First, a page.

Fighting Force 2
Streets of Rage and Final Fight were the epitome of the era of side-scrolling, two-player beat'-em-up genre of games with their roots in Double Dragon. Fighting Force capitalized on the 32-bit era of gaming with the same basic concepts but utilized the PlayStation's 3D engine. It basically answered the prayers of those longing for this type of game. Unfortunately, the community had missed the style that Streets of Rage and Final Fight gave to players. And while Fighting Force filled in that gap, it was still not enough in terms of style. Finally, the sequel to the Eidos' beat'-em-up, Fighting Force 2 was unleashed upon the public with uncertainty, and it shows.
The folks at Core Design did a 180 degree turnabout when they developed Fighting Force 2. Here is a game that just doesn't live up to the hype and expectations of fighting game fans. Although there are fighting elements in the game, they are so pathetic that it makes the first Fighting Force look excellent. Basically, the game has been grouped with the action adventure category simply due to the nature of its gameplay, which is more like Tomb Raider and Tomorrow Never Dies than anything else.
Granted, the special effects, graphics and animation are top-notch. The motion-captured moves are fast, fluid and precise, while the effects are dazzling, especially with the glowing pool of green bubbling liquid or the sparks that fly every time you destroy a computer or power box. Soda cans that fall out of the soda machine are nicely done with some rather realistic physics. As well, any fire or laser effects in the game continue to push the limits (if there are any) of the Dreamcast. However, the overall picture is clear to see (or unclear, actually), the game is too dark! Plus, the camera can really throw you off when it twists and rotates you in the opposite direction, allowing enemies to hit you from behind. Fortunately, you can pull off a back fist maneuver to get out of the situation.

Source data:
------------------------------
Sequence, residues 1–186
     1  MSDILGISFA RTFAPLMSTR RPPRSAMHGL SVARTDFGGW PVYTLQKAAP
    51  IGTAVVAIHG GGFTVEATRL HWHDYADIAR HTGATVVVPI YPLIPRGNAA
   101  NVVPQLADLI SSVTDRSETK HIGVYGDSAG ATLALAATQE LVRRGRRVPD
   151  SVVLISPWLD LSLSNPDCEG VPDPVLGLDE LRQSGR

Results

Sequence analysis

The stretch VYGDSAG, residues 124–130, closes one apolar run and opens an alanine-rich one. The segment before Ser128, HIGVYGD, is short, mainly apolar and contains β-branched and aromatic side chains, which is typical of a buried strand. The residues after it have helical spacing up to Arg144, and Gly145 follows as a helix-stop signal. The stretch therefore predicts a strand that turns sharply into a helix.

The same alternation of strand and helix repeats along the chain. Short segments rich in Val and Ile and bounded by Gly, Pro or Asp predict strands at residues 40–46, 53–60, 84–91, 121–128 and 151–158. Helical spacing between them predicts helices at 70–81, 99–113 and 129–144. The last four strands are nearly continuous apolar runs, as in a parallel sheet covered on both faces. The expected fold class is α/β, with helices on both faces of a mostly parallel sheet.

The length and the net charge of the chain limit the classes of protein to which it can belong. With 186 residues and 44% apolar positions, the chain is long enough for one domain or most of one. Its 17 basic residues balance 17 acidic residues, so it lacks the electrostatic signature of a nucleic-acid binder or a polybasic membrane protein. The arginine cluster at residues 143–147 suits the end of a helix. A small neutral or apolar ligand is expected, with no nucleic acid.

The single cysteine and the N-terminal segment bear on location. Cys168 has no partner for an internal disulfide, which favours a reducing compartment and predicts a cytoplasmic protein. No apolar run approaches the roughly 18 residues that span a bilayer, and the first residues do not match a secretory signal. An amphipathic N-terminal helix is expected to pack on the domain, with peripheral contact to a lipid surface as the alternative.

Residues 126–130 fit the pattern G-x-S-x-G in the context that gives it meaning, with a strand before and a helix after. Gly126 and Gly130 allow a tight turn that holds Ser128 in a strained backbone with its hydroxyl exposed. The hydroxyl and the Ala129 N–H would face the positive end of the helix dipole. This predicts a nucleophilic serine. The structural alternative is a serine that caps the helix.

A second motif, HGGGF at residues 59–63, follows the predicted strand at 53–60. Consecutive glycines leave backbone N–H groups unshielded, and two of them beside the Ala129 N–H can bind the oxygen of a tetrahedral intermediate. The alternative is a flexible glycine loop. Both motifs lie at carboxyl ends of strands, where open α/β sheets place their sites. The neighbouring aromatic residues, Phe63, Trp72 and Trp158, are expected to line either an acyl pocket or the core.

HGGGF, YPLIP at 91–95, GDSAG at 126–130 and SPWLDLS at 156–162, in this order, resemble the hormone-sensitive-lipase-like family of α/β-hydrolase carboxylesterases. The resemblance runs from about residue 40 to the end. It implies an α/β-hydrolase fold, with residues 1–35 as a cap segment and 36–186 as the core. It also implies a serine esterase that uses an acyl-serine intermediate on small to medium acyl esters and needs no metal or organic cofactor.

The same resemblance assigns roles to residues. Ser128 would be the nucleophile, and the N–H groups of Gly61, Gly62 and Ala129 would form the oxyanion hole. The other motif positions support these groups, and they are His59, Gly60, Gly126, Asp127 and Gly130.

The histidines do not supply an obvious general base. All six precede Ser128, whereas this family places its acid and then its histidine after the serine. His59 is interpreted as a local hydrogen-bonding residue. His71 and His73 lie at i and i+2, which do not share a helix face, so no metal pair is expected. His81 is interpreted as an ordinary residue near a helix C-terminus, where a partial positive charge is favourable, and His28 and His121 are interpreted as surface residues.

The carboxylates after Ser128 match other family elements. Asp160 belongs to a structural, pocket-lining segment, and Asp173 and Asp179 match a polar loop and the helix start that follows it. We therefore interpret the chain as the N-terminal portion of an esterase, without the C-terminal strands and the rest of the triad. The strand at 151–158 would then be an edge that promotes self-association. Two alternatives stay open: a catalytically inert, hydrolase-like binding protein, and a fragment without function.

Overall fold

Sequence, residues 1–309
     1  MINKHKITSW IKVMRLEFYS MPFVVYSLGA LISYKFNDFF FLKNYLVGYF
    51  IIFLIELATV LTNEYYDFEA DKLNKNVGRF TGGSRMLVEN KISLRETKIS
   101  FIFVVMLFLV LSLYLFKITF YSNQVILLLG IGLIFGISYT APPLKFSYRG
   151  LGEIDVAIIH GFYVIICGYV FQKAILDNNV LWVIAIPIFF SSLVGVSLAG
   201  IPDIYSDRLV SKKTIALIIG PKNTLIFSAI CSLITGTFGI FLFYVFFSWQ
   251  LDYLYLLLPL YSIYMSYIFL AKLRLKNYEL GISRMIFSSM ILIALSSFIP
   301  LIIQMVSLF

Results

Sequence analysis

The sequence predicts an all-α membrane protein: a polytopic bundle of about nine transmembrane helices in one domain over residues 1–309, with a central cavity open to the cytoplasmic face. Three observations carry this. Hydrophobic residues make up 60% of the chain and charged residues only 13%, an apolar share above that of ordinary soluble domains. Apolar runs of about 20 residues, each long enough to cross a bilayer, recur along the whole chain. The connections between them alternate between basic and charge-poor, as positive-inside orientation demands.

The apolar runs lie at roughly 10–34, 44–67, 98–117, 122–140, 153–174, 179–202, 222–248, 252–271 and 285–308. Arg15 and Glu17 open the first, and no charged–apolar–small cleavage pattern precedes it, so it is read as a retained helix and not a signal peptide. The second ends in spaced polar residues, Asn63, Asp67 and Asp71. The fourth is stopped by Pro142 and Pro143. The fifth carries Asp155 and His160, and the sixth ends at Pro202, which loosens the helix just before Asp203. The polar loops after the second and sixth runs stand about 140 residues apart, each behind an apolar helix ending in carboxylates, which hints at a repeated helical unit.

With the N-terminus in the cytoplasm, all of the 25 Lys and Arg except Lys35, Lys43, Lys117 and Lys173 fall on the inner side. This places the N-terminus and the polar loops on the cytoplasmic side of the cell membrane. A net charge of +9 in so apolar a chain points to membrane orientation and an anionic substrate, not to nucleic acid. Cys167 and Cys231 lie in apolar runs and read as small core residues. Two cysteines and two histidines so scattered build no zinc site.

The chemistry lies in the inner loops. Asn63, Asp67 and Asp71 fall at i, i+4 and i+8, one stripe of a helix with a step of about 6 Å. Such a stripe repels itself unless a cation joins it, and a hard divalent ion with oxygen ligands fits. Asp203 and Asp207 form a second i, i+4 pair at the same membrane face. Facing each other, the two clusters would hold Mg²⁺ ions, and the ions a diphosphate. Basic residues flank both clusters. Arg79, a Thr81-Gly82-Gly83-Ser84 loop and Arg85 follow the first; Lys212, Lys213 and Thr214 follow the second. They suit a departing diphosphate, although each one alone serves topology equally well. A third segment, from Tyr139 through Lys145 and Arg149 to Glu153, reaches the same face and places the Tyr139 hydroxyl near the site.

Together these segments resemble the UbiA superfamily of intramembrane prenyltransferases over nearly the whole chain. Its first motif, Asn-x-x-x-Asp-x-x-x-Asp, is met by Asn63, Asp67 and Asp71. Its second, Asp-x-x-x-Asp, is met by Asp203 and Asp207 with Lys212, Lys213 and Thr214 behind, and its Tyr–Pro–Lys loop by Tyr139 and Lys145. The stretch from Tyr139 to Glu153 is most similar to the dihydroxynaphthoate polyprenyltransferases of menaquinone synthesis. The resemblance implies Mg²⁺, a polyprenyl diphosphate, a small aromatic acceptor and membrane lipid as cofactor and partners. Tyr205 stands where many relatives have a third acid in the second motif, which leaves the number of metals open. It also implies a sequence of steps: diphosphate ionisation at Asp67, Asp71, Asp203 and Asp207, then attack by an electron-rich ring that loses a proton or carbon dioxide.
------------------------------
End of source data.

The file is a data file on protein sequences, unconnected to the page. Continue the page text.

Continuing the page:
The textures and colors are solid in the game despite a few clipping glitches with the characters. You'll rarely get to see Hawk's face as the third-person behind-the-player camera view mode is almost always active, and you cannot change the camera angle per se. It does allow you to look around when you press both the left and right triggers on the controller. However, the zoom has a limitation to its viewing range and doesn't even compare with games like Metal Gear Solid whenever you're trying to pick off enemies. The introduction video was done superbly, however the in-game cut-scene that leads you into the beginning of the game isn't nearly as good. The fast moving train in the first area looks amazing. But what is the point of the enemy at the top of the roof across from it? You can shoot him but is there any other purpose when you can't get over there? Probably not!
Controlling Hawk is easy except for the fact that he can't run backwards (he walks instead). And while there is a side-rolling feature, they should have included a lateral strafing move. Like its predecessor, Fighting Force 2 allows you to destroy as much of the surrounding environments as you like, although most of it is just for the heck of it. Strangely enough, you can cause a chair to explode just by kicking it! In fact, you can jump over boxes and other objects and they will explode no matter what - even door activation consoles on the wall! For some reason, destroying them isn't required for you to open doors. One neat effect occurs whenever you're beating up a copy machine, the papers fly everywhere! But the oddest thing about the game is that anything you do demolish can spring forth a power-up such as first aid kits or weapons. Since when do chairs have first aid kits hidden in them?
Some of the fighting styles from the first game have been kept here, including the backhand combo. But the special attacks that you learn aren't exactly spectacular. Most of the basic moves are redundant and actually hinders your gameplay because you can't stop in the middle of your combo! This opens you up for an attack by the enemy. Of course, it doesn't really matter because the game isn't hard.
Fighting Force 2 is a relatively easy game to beat. The availability of power-ups is abundant while the lack of many enemies is obvious. The game's only difficulty is to avoid falling off or into things such as ladders and molten lava. And because the analog controls are somewhat sensitive, it's easy to get yourself killed if you're not careful. If you do die, the option to continue is good but it doesn't do too much for you when you have to start all over from the last place you accessed an important door. There is also a 180-degree turn button that is quite useless since it's set for all directions of the D-pad.